A four-year degree is typically not needed, because most pharmacy technicians learn through on-the-job training. Different vocational/technical schools offer programs in pharmacy technology, and some even award students with a certificate after a year or less.

The pharmacy technician job is experiencing a faster than the average growth rate, with the average salary at $32,700 (2018) per year, according to the Occupational Outlook Handbook.

Service Delivery Analyst

As a service delivery analyst, you ensure that clients get high-quality service. They are responsible for analyzing how services are being delivered and how they can be improved. A service delivery analyst typically uses software to track the quality and efficiency of the user’s experience.

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The requirements of service delivery analyst jobs vary by industry, and the analyst generally needs strong computer skills. This job needs experience (generally at least three years) in the industry, and a knowledge of the service delivery software that is being used by the company. This job does not necessarily require a four-year degree.

As stated by Glassdoor, the average salary for a Service Delivery Analyst is $54,733.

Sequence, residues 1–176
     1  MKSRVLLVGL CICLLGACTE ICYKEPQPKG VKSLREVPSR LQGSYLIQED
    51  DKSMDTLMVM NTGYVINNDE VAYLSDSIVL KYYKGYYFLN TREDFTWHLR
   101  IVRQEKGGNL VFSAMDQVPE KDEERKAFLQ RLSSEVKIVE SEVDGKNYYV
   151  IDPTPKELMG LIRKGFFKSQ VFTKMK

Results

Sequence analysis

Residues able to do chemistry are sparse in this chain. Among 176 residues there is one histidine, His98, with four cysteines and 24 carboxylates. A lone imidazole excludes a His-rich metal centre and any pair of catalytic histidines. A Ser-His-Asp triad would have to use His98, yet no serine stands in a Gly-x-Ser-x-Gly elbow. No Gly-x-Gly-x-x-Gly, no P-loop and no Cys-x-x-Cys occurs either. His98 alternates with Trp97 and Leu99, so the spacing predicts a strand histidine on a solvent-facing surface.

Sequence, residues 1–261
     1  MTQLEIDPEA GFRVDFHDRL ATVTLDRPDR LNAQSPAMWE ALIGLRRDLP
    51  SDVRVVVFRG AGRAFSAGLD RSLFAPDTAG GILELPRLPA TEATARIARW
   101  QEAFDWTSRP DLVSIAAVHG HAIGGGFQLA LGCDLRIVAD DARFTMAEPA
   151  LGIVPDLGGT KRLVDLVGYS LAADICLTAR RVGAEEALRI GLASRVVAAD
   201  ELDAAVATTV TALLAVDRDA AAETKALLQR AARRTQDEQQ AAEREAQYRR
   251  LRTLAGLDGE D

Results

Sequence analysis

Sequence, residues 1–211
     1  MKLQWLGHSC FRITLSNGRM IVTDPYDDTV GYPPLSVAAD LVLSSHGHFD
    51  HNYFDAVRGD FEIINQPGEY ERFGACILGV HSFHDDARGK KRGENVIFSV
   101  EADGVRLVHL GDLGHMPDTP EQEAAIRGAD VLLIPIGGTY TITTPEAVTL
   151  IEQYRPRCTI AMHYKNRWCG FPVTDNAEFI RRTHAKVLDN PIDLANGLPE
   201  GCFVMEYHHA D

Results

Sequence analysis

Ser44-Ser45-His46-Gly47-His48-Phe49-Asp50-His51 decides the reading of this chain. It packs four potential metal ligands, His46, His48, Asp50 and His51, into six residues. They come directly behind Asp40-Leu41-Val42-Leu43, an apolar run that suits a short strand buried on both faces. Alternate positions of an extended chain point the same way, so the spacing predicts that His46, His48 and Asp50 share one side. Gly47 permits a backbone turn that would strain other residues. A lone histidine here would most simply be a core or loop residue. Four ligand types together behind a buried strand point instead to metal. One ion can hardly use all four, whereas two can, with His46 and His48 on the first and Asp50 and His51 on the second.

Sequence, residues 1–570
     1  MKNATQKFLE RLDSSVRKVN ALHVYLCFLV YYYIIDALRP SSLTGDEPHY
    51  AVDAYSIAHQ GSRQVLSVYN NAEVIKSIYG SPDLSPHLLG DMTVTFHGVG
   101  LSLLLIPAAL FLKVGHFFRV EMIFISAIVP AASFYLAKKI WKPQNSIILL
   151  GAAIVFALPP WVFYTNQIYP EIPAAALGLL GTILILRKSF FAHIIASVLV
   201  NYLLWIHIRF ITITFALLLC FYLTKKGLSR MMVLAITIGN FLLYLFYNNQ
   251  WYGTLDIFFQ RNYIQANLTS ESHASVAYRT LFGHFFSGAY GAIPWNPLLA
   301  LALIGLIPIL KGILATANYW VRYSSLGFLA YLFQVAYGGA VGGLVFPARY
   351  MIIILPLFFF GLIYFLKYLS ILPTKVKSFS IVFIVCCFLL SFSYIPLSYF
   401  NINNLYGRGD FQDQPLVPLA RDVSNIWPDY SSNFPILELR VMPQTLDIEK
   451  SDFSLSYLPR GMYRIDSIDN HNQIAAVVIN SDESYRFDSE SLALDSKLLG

Computer Programmer

Computer programmers have the responsibility to create, write, and test code which enables computer programs and applications to function. They are expected to know a variety of computer languages, including Java and C++.

They can be hired to work for a computer systems design company, or they could work for software publishers or financial companies, amongst others. Since this work is done on the computer, many programmers telecommute, which allows for flexibility.

All that some computer programmers need is an associate degree or extensive experience in coding. These programmers can also become certified in specific programming languages, so these certificates can also help a job candidate get hired. Alternatively, you can get the skills you require to get hired by attending a Bootcamp.

According to the Department of Labor’s Occupational Outlook Handbook (2018), the median pay for a computer programmer is $84,280.